Date: Wed, 22 Apr 1998 09:04:47 -0700 From: George_De_Piro at berlex.com Subject: Protein rests at Redhook/M. Lewis and mega-centric attitudes Hi all, Scott Murman refers to a recent HBD that quotes the Redhook brewers as saying that they use a 50C (122F) rest, then ramp up to 71C (160F) when making their ESB. They use domestic 2-row barley malt. Scott seems concerned that if they use a protein rest, it must be a good thing. The Redhook post omits some important points: the duration of the 50C rest, the rate of temperature increase, and the quality of the resulting beer. Is Redhook ESB really a full, rich example of the style, with excellent heading properties? Why is it that they should rest at such a high saccharification temperature (71C)? Are they shooting for less attenuation in the hope of recovering some of the mouthfeel they lost during the 50C rest? While at Siebel I met 2 brewers who were confused about their beers, which were thin bodied and headless. They were doing a step mash to "extract the most from the malt" and yet the beers weren't up to par. By the end of the course it should have been clear to them that a 50C protein rest has no place in a modern barley malt mash schedule. The frivolity of a 50C rest is hardly worth disputing (in a barley malt brew). Practical experience and modern literature agree that it is not only a waste of brewhouse time, but it will result in a lower-quality beer. -------------------------------------- Jim Busch tells us how Dr. Lewis believes decoction mashing has NO effect on beer character. Dr. Lewis has also been known to say things like all craft beer is infected, and that Guinness has a "massive hop presence." To believe that you can boil a third (or more) of your mash and not have some impact (positive or negative) on the product is pretty absurd. It's sort of like saying that you could boil or bake a chicken and get the same result! Al K. says that this attitude reflects Lewis' "megabrewer-centric" thinking. At Siebel most of the instructors were from megabreweries, yet they still acknowledge that decoction mashing has an effect on the product. Paul Smith believes it is unnecessary, and may even be potentially harmful to the final brew. His colleague, Mike Babb, is a proponent of the technique. They are both from Coors, and both studied in Germany. Brew for yourself and draw your own conclusions. You will see a difference, though! Have fun! George De Piro (Nyack, NY) Return to table of contents
Date: Wed, 22 Apr 1998 09:19:18 -0700 From: George_De_Piro at berlex.com Subject: Barley farming / Stein beer report Hi again all, I have obtained ~28 pounds of Harrington barley for my home malting escapades. While I was pondering home malting, a thought occurred to me (uh-oh): why not plant some of it, and in the fall make a beer literally from scratch, using homegrown barley and hops? There is a problem with this idea, though: the only reason I can grow hops is that they are nearly indestructible! How hardy is barley? What kind of conditions does it thrive in? How much area must be planted (and at what density) to yield ~30 pounds of usable grain (this is 2-row)? How long does it take until it's ready to harvest? How would one go about harvesting and deawning by hand (or is that just a dumb idea)? Thanks in advance for any info. ----------------------------- Since the queue is kind of short I figured I would report on my Steinbier. Some of you will remember that I brewed one back in February. Well, it has no smoke character, nor is it particularly caramelly or sweet, despite an outrageously low hop rate. It does have a pretty minerally finish, though, which accentuates the dryness and what little hops are there. A month ago it was undrinkably minerally, but it was pretty well-received at a recent club meeting, so I guess it's getting better. What I learned from this: Don't lager the beer on the rocks for a month!!! After two weeks, the beer didn't taste much different than before it was put on the rocks. After a month, it tasted like a quarry! Live and learn...and sample the beer from the lagering tank more often! Have fun! George De Piro (Nyack, NY) Return to table of contents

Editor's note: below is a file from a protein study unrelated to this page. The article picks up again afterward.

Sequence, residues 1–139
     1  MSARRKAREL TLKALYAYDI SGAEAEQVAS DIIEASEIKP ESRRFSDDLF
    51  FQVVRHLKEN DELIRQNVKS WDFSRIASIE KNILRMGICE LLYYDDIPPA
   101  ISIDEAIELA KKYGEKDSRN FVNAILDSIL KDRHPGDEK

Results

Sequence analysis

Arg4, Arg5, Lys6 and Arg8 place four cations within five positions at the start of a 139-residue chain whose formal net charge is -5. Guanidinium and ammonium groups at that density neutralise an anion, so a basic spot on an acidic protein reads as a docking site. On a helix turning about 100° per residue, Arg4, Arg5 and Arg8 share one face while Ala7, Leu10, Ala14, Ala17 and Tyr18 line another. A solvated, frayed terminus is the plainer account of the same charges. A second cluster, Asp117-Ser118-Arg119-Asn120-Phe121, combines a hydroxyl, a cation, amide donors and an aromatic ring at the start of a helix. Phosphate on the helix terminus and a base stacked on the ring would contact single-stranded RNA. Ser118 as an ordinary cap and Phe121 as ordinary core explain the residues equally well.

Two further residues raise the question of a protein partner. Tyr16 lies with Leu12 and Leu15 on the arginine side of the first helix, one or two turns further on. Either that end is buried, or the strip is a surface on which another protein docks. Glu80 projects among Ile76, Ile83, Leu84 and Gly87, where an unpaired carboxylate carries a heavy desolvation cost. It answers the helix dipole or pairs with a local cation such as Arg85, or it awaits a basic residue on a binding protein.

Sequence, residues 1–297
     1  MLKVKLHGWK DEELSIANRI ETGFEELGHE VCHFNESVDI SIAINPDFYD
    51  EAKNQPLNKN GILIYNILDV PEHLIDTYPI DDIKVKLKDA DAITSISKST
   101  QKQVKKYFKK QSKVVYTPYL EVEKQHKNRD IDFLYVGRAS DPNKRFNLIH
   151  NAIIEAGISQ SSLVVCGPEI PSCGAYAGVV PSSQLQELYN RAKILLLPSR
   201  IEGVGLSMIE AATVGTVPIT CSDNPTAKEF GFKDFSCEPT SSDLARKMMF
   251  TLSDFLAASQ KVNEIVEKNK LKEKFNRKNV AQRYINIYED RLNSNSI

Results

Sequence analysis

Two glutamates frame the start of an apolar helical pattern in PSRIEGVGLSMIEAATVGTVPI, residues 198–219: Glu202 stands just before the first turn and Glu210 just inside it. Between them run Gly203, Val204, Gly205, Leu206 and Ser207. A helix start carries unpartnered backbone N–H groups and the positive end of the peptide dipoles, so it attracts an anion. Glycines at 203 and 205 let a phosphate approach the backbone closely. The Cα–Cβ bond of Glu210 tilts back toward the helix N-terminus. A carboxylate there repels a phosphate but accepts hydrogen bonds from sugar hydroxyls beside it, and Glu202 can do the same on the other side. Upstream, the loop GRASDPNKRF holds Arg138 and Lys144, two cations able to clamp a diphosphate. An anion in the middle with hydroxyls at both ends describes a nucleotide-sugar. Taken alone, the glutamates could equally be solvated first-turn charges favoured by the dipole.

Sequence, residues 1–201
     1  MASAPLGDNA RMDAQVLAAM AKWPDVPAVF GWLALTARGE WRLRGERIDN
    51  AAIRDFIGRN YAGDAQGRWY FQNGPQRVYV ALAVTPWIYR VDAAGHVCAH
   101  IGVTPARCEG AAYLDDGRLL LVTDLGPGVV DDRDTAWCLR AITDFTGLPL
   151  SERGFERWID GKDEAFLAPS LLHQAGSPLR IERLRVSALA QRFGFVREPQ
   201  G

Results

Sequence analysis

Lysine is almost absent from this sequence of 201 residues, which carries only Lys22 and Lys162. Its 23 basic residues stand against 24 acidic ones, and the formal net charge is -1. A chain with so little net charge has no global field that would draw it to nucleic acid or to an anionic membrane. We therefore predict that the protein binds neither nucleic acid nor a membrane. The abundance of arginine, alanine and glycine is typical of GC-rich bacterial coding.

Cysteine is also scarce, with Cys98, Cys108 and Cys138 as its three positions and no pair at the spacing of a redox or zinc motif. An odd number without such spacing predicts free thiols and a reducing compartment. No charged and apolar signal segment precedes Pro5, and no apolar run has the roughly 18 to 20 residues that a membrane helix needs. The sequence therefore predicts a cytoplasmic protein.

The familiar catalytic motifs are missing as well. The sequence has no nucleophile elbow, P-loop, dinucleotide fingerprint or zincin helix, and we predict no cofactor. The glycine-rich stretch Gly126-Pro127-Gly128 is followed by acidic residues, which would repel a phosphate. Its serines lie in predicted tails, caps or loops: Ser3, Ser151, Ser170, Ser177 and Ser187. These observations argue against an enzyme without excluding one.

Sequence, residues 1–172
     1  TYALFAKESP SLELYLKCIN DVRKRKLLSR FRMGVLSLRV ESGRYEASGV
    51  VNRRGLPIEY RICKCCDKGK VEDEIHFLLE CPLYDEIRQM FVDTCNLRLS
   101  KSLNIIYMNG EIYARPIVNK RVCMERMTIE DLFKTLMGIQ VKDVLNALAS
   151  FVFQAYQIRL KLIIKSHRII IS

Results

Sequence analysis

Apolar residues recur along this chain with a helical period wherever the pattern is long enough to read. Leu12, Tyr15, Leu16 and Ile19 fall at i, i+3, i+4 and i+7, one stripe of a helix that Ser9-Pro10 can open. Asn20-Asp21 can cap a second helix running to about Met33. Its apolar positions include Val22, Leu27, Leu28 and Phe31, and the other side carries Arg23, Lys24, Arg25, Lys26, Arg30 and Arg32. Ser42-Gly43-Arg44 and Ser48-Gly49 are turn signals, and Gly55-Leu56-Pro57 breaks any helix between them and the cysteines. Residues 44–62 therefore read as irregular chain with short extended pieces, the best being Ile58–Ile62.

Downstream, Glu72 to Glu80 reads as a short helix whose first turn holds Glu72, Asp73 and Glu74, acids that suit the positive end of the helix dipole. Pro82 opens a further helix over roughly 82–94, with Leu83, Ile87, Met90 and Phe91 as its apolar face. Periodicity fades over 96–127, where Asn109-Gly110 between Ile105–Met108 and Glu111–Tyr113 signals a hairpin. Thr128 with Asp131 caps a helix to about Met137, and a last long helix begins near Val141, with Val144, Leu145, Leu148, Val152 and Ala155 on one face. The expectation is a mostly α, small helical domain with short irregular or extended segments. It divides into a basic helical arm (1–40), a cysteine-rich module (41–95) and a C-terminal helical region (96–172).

Date: Wed, 22 Apr 1998 06:57:41 -0700 From: Pat Anderson <pata at aa.net> Subject: Dr. Lewis Article in American Brewer >>Speaking of decoction, did anyone else catch the article in American >>Brewer by Dr Lewis where he claims that decoctions have no effect on >>the finished beer??! I can see an argument whereby decoctions impart >>more astringency, or increase haze, or decrease bottle stability or >>increase mash yields or darken wort color or lend melanoidens to the >>beer but to claim that there is no effect is mindboggling to me. >>But hey, Im not a doctor just a rocket scientist. ;-} >I told you it wouldn't be the last time... I'm with you Jim (although >I'm not even a rocket scientist). I feel that Dr. Lewis may be a >brilliant researcher and know an awful lot about brewing, but I suspect >his views tend to get clouded by his megabrewer-centric biases. And I especially like the slam (to the effect that, I don't have it in front of me to quote) that most home brewers and small commercial brewers only have the vaguest notion of what an "experiment" is. Of course, he may be right about that, but this article did not describe his method or controls, any quantified results, just that his students conduct and "experiment" every year and none of them could tell the difference. \ And in the same issue, did you catch the article by Pierre Rajote, referring to himself continually in the third person? Oh, well, I read this mostly for the ads anyway. - --- Pat Anderson <pata at aa.net> Return to table of contents